Lordy Rodriguez returns with a fifth solo show at Hosfelt Gallery, “Code Switch.” Comprised of the artist’s signature use of cartographic and design elements, the show offers a world view that reads at first superficially, but later blooms to full depth. The show title, taken from linguistics, refers to a mash up of languages and speech patterns, building on Rodriguez’s examination of cultural hybridity, and reinforcing his place at the forefront of this contemporary art trend for pseudo-sociological examination. His, and other work like it, can be imagined as infographics, without the eponymous info, where the artist seeks to explore our need to examine and classify, rather than to make any direct statement about what is actually up for examination.
If there is one concept up for examination specifically in the show, it’s the role of design in global consumer culture and history, and the newish phenomena of celebrity artists such as Hirst and Murakami’s descent further into the marketplace outside of the art world; their “branding” usurping their actual practice in the discourse of their work. “Untitled 809 (Murakami/Kors)” pits the artist and designer, or the designer and the designer (both well known for their successful handbag lines, Murakami through a collaboration with Louis Vuitton, the design house’s signature pattern making up the “landmass” in the image) together for comparison.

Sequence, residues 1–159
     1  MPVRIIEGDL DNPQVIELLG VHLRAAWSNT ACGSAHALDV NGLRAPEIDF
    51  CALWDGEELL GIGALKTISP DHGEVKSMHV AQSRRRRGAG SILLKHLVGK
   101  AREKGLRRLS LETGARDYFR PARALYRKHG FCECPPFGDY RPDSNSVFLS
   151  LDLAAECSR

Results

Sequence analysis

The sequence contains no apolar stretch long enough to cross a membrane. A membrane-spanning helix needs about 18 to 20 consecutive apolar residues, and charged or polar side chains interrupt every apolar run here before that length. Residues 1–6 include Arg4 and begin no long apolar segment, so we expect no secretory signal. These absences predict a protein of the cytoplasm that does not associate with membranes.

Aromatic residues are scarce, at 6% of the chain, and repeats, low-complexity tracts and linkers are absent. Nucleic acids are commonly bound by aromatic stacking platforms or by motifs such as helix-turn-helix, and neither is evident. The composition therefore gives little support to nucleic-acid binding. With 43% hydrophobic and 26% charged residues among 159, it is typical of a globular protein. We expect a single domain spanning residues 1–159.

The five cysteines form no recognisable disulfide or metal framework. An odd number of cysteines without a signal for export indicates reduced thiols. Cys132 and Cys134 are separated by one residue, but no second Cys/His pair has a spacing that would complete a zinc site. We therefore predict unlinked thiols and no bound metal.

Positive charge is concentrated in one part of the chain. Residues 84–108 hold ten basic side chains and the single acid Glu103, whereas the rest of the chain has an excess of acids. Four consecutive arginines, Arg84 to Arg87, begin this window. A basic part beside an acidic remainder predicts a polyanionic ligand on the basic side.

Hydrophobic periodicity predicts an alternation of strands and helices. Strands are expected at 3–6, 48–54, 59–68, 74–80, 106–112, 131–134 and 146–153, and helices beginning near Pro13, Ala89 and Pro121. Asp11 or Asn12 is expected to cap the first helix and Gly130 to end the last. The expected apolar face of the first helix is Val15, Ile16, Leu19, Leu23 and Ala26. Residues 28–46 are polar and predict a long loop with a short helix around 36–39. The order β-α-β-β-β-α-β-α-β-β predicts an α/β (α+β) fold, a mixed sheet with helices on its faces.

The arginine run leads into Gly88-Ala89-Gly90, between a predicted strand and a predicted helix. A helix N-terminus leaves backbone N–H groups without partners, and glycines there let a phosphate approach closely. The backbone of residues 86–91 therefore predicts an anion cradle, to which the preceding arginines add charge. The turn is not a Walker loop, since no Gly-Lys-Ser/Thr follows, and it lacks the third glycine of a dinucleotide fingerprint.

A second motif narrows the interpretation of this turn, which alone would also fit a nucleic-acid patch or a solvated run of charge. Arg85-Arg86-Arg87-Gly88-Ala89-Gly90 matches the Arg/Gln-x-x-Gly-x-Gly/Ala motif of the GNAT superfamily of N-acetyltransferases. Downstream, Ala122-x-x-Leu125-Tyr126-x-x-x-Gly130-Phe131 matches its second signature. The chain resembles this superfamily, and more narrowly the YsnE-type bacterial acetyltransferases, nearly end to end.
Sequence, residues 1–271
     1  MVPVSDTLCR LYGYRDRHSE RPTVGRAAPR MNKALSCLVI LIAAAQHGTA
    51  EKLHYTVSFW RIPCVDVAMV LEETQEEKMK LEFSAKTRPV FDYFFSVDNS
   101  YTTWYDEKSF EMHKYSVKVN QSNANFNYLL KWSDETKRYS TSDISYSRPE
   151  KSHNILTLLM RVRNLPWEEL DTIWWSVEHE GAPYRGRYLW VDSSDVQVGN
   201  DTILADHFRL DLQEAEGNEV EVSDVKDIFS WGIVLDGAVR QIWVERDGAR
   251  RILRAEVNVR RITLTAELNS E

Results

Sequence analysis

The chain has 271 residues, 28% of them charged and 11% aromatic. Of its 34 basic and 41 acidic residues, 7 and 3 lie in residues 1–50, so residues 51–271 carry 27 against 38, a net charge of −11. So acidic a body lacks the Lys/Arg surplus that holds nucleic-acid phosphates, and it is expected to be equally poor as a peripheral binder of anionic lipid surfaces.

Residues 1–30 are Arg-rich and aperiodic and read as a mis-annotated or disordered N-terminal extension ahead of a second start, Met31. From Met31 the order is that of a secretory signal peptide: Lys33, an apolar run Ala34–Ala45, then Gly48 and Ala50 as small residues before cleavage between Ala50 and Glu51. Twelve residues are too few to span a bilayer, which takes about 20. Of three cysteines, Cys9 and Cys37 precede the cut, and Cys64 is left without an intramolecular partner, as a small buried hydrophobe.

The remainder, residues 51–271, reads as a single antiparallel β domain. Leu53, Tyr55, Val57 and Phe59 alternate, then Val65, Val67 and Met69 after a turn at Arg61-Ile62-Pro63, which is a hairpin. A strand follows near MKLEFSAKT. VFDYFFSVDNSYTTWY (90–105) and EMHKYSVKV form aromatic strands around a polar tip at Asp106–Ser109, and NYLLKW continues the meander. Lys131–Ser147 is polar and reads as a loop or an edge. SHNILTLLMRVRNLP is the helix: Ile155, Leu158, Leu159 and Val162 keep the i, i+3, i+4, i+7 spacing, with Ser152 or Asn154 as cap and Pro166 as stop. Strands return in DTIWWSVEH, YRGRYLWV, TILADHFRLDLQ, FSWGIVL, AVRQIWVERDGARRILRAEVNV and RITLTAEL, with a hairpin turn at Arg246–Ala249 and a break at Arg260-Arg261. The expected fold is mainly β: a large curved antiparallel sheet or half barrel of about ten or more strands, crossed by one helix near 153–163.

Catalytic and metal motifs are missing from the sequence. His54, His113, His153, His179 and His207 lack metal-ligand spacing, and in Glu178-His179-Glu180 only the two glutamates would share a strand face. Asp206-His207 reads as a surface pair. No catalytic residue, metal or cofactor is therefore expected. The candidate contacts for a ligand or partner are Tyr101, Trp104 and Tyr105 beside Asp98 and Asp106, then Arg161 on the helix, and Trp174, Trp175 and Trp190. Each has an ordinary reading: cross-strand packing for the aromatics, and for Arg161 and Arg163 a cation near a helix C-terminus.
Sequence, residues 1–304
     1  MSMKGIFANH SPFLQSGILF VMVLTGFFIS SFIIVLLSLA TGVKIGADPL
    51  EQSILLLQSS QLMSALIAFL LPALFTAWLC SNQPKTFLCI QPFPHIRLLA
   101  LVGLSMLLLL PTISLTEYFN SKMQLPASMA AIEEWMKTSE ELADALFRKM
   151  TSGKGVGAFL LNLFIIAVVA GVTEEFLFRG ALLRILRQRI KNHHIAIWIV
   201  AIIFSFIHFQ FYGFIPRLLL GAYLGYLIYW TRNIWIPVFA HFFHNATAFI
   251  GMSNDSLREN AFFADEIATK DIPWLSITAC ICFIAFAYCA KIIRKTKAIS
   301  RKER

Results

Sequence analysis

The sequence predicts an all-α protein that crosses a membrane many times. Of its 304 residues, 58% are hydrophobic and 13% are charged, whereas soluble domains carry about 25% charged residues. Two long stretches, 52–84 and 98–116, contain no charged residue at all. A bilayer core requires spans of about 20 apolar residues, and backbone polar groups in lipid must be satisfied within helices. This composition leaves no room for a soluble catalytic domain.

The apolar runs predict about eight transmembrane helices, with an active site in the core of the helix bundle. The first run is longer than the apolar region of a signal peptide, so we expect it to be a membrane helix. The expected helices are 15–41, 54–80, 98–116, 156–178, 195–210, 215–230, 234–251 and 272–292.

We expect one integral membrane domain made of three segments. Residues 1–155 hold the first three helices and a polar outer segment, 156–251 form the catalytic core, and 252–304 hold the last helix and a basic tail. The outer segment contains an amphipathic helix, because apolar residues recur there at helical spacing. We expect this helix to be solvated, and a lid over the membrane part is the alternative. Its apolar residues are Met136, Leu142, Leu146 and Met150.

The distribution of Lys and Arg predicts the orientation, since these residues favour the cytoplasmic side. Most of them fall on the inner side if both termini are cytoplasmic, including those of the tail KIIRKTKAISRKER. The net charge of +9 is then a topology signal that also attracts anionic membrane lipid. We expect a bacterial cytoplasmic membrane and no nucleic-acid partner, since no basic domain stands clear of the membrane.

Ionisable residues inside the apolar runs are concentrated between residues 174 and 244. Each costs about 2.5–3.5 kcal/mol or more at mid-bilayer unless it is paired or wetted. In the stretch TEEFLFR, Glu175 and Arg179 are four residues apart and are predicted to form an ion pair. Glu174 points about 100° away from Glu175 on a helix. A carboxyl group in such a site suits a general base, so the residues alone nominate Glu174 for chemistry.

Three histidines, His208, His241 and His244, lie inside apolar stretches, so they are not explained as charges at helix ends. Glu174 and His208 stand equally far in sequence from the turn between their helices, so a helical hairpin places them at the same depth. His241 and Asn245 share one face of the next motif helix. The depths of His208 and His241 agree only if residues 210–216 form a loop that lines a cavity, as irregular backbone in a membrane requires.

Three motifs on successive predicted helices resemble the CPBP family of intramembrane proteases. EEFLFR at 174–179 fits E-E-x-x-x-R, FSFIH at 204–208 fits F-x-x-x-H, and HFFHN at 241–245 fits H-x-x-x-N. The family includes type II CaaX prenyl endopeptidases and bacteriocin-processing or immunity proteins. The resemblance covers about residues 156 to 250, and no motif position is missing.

In “Untitled 787 (Dots and Mushrooms)” Rodriguez makes use of Hirst’s famous “Dot” paintings, and a possible commentary on the atomic bomb like detonation and reach of his aesthetic and approach upon the global visual world. Less we think of design as shallow and meaningless, Rodriguez reminds us of the bonds historically elicited by strong design—in the woven clansman colors of “Untitled 807 (Tartans)” and the marriage of church and state in the kaliedescope of crosses and Confederate flags in “Untitled # 810 (Catholic Redneck)” —we’re given two excellent examples of how design has always permeated human understanding of place and belonging, and the ways in which it is used to create allegiances and set others apart.
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-Contributed by Kathryn McKinney